• Feelings of failure, worthlessness, low self-esteem or guilt
  • Feelings of hopelessness
  • Suicidal thoughts or plans
  • Frequent negative thoughts (postpartum only)
  • Feelings of guilt that follow negative thoughts in a vicious cycle (postpartum only)
  • Anger toward the baby or persistent difficulty bonding with the baby (postpartum only)
  • Thoughts of harming the baby (postpartum only) (While the incidence of physically harmful behavior is low, thoughts of this nature need to be addressed right away.)

If you or your family or friends notice any of these symptoms, addressing these feelings right away is critical, as postpartum depression can inhibit bonding between the mother and child; a mother struggling with feelings of depression may have difficulty responding to the baby’s cues and feel unable to comfort him or her adequately. This can lead to delays in the child’s social, emotional and behavioral development.

The first step is visiting your physician and consulting your team (any midwife or lactation consultant you may be working with) for support and referrals for treatment. Your physician should first rule out any other medical causes of mood disorders such as anemia or thyroid disturbances. Once these possibilities are eliminated, your physician can provide referrals to a psychiatrist and/or a therapist who specializes in postpartum depression. There are two kinds of treatment that are typically most effective when combined.

  • Pharmaceutical intervention (medication) with a psychiatrist. This treatment consists of medication to adjust neurotransmitter levels, generally for a short period of time and before being gradually reduced under the supervision of the treating clinician. If breastfeeding, it is possible to take one of several anti-depressants that have shown negligible levels in breast milk; ask your physician and psychiatrist for details.
  • Psychotherapy with a therapist. Therapy or counseling can help you talk through your concerns and find better ways to cope with your feelings, solve problems, set realistic goals and respond to challenging situations. Sometimes, family or relationship therapy can also help.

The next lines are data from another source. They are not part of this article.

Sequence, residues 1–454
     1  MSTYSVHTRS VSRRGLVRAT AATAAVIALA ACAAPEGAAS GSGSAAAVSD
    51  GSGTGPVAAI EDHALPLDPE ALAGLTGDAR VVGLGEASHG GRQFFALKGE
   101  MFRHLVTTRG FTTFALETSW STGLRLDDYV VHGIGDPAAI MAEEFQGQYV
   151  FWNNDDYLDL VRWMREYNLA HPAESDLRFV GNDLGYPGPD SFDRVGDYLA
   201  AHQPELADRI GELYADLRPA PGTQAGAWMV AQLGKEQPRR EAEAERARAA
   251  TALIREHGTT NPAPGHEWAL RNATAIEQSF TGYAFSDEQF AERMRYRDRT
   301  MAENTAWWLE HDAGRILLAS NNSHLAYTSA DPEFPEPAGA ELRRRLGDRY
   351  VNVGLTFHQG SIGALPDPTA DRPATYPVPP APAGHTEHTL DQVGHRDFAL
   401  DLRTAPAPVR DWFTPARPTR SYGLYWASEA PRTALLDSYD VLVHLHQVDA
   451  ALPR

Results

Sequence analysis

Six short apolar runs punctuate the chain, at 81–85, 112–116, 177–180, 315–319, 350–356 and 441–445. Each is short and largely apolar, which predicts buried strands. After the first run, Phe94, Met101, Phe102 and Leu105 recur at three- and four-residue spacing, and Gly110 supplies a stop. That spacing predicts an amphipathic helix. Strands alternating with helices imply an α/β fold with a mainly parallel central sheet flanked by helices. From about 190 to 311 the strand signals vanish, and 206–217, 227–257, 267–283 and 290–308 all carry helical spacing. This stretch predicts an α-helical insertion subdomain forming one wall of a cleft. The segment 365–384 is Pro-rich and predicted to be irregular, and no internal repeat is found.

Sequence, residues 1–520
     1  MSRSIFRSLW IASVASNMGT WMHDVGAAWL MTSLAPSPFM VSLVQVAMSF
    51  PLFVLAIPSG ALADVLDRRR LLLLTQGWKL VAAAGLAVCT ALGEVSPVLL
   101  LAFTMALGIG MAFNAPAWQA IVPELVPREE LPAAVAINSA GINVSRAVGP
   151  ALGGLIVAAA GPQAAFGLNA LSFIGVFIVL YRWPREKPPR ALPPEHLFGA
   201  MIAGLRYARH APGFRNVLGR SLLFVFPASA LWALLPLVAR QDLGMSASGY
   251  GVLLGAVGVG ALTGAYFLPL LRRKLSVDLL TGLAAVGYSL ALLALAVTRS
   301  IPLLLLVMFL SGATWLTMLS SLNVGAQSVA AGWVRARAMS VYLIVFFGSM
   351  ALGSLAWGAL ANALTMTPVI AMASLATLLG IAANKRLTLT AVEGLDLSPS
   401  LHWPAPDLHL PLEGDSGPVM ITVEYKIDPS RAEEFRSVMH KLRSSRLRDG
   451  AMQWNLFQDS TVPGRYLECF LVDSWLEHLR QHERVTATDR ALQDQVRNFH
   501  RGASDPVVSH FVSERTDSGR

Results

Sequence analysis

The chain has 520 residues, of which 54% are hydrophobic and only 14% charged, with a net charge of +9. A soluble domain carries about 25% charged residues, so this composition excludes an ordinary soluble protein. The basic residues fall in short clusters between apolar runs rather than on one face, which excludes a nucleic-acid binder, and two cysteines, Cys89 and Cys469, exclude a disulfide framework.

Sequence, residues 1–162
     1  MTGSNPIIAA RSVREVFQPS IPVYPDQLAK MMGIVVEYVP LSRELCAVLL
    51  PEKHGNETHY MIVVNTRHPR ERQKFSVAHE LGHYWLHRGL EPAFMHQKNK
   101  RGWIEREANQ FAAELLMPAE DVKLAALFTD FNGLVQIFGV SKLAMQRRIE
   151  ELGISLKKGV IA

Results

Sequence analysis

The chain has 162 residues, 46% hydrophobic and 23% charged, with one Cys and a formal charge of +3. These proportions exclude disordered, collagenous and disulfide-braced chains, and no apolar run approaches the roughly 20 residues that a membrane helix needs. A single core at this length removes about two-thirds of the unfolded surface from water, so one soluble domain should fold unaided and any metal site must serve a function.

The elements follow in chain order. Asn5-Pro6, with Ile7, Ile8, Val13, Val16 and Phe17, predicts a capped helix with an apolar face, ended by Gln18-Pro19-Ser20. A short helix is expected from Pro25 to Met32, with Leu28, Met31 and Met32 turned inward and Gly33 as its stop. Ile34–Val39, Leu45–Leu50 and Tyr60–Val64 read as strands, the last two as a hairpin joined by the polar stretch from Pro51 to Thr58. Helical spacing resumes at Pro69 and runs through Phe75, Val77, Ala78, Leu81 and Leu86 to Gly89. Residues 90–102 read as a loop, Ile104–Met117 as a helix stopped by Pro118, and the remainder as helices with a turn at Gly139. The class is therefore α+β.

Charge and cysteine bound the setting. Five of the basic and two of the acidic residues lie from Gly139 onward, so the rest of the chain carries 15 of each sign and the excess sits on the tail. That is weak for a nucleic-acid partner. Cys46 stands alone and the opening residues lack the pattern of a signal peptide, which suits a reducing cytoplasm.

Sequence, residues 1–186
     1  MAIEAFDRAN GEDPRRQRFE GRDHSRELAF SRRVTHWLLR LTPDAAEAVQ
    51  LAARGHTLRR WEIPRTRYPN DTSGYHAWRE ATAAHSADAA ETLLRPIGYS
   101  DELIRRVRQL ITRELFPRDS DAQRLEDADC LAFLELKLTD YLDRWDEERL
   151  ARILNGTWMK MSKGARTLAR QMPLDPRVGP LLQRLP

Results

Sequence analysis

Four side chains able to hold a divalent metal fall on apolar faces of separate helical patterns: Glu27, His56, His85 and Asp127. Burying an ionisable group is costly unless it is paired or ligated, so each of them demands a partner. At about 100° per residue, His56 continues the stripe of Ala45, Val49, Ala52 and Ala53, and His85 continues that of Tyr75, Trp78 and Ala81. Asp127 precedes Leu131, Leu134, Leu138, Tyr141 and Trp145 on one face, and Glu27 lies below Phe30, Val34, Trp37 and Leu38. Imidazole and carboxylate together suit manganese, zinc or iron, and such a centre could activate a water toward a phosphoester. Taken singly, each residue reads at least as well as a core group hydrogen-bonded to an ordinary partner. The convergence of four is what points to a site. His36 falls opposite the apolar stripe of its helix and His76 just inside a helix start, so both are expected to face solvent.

The good news is the blues and PPD are treatable and temporary if you seek the right support. Prompt treatment can allow you to better enjoy your baby and feel like yourself again, usually within six months to one year. However, if left untreated, PPD can turn into longer-term depression.

Postpartum psychosis

Postpartum Psychosis is rare. It affects 1 to 2 women in 1000 after childbirth. It typically presents quickly and dramatically, within 48 to 72 hours of delivery. Symptoms include restlessness, irritability, confusion, disorganized or erratic behavior, and auditory hallucinations to harm one’s self or the infant. In the unlikely event that you or your family members notice these symptoms, seek immediate help as this can be very harmful to mother and/or child and longer lasting than the blues or PPD.

For any type of postpartum condition, timely identification, assessment, and treatment is key!

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Written By Dr. Pervin Dadachanji

Dr. Pervin Dadachanji is a practicing psychiatrist with a special interest in child and adolescent psychiatry. She completed her MBBS and M.D. (Psychiatry) from Seth G.S. Medical College and K.E.M. Hospital, Mumbai. She has also done a stint in the Child and Adolescent Psychiatry Department at The Royal Free Hospital, London. She has been in private practice since the past 20 years. She conducts parenting workshops for various parent groups, schools and nurseries in Mumbai. She also does workshops for children and adolescents on sexuality and body science. She has written a book called Recipes for Parenting and is consultant psychiatrist at Ummeed, a Child Development Centre in Mumbai.

See all articles by Dr. Pervin